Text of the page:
Life always seemed to happen the wrong way. Maybe it was all a big hoax, this talk about being optimistic. Maybe there was some dark, evil being out there that obtained its sustenance from the mishap and misery of the mortal race, and so it had moved its vassals to go out there and tell people to hope. Hope, because there was always a light at the end of the tunnel. Hope, because after the rains, or the harsh winter, the sun would still shine, and spring would return. Hope, because every cloud had a silver lining, and the darkest hour was the closest to the much desired dawn. They would speak so inspiringly, and the one who was on the verge of giving up would take another deep breath, and push forward. Perhaps with the next one, she would strike gold. Perhaps the next relationship would be the right one. And thus, mortals would base their entire future on sheer, fickle probability.
And surely, the evil being would laugh.
It would laugh, because while it is true that tunnels don’t go on forever, sometimes, the tunnel would open into blackest night, a pitch darkness that would make the claustrophobia inducing tunnel walls seem to be a bastion of refuge. It would laugh, because once upon a time, when people hoped for the sun, winter came and refused to leave until the world burned to death, to be born anew from the blood of slain gods. It would laugh, because mushroom clouds were still clouds, and yet they offered no silver, only a fiery death. And it would laugh, because the darkest hour was not the one closest to dawn, but the one when the nightmares came in all their wild terror.
The evil being was probably laughing now.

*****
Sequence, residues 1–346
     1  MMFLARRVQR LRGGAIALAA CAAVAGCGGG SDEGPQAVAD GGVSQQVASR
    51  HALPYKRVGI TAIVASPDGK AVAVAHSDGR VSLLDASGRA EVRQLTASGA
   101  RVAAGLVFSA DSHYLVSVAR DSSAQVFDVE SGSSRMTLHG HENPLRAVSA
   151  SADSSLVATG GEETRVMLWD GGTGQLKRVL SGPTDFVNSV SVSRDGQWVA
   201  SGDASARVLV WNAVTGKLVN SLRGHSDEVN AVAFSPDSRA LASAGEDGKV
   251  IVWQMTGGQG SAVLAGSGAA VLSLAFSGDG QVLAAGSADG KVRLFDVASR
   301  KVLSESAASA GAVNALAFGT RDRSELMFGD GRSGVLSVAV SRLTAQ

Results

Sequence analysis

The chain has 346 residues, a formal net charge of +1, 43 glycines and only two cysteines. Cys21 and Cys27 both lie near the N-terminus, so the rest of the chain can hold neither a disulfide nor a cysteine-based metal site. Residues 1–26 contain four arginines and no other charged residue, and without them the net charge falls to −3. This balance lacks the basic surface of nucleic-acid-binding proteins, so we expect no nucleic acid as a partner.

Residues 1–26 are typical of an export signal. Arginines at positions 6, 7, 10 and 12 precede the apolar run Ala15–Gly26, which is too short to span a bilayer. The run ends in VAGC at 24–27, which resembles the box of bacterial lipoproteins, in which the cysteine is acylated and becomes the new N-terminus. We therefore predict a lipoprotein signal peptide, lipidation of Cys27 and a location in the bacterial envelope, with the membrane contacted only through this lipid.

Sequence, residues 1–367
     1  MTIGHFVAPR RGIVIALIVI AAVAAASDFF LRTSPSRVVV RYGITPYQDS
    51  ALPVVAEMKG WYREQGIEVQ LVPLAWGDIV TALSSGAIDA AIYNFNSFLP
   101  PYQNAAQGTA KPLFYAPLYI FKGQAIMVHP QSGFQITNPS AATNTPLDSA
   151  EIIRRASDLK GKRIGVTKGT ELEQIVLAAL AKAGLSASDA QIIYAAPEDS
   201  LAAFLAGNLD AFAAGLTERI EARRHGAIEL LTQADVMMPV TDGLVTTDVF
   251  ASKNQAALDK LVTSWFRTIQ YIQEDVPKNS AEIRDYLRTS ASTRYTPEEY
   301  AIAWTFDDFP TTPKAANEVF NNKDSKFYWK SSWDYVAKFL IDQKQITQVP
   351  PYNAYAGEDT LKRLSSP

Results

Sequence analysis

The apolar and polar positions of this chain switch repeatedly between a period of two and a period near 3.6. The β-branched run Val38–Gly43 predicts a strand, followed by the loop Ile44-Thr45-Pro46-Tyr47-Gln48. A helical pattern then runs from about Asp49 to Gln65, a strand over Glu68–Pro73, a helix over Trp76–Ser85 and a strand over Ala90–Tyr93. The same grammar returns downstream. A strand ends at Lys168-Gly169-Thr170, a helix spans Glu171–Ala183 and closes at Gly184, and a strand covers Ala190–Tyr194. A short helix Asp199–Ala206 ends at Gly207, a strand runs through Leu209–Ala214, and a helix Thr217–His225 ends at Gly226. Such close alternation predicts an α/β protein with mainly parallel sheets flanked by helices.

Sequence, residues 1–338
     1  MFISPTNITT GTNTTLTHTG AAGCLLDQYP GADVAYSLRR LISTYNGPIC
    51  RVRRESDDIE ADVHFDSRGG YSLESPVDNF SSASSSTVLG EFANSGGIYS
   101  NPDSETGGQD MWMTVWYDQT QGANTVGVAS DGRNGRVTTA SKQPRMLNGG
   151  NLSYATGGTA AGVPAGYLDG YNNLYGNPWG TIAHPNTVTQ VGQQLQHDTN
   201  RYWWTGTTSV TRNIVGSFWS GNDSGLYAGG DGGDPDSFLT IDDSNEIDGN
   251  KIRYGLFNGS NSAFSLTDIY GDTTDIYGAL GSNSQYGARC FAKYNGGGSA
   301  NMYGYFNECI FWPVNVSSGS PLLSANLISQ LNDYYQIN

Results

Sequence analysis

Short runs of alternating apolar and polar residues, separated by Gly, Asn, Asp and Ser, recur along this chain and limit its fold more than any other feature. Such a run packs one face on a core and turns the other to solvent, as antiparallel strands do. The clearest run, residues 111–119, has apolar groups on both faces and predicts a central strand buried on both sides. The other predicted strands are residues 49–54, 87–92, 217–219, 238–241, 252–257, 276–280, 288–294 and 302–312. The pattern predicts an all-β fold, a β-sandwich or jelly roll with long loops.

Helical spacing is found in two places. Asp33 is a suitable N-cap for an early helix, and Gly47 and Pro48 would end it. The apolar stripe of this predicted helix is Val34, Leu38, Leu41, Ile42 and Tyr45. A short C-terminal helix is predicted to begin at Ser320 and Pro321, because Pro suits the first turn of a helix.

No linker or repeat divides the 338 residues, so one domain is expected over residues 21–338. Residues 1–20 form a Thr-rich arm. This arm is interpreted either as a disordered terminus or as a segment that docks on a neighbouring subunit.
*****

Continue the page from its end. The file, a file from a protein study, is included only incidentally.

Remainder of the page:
Goethe struggled to keep his head, but he knew that the coming of the Diophage had violently thrust a spanner into the cogs of his plans. If everything had worked out as he had expected, the Devil Butcher would have been defeated, captured, or maybe even killed, and he would have only one more issue to worry about. He was starting to come to the conclusion that as far as he was concerned, nothing ever happened the way he expected it to. Perhaps his inability to sense the Devil Butcher with the Eyes of the Claviger should have been the first note of warning, but it had been an opportunity too tempting to let slide. It had been “too tempting”, because it had probably been a trap.
In hindsight, Goethe could see how well thought out the snare he had danced into had been so craftily constructed. At some point, the “god hunters”, as they liked to refer to themselves, had begun to realize that he was making plans to move against them, or they had always been expecting this day. They had most likely understood that now that he was becoming stronger, he would attack soon enough. So, they had decided to separate themselves and go in separate ways, for the time being. This would force his hand, cause him to take advantage of this ‘favorable’ turn of events, as the god hunters had been hardly ever seen apart before now. And so he had come, like a mouse into the mousetrap. Despite the overwhelming pain, a part of him reluctantly admitted that they had played the better game.
With a grunt, he pushed himself up onto an elbow. He dared not attempt to rest on his knees, because of the amputation of his left leg. His elbow slipped on the stone floor, slick with blood, and he fell back on his face. He bit back a cry of anguish. Taking slow, deep breaths, he tried to clear his mind and focus. The worst thing for him to do now would be to panic. If he could get himself back under control, perhaps he could still activate his powers one last time, and bury the three of them down here. No, that would likely not work, because it was certain the Diophage had somehow teleported herself back to this dungeon. There was no other way to explain how she had covered such a large distance very quickly, and the only entrance to the dungeon had been in Goethe’s vision during the interrogation, so she had not sneaked in.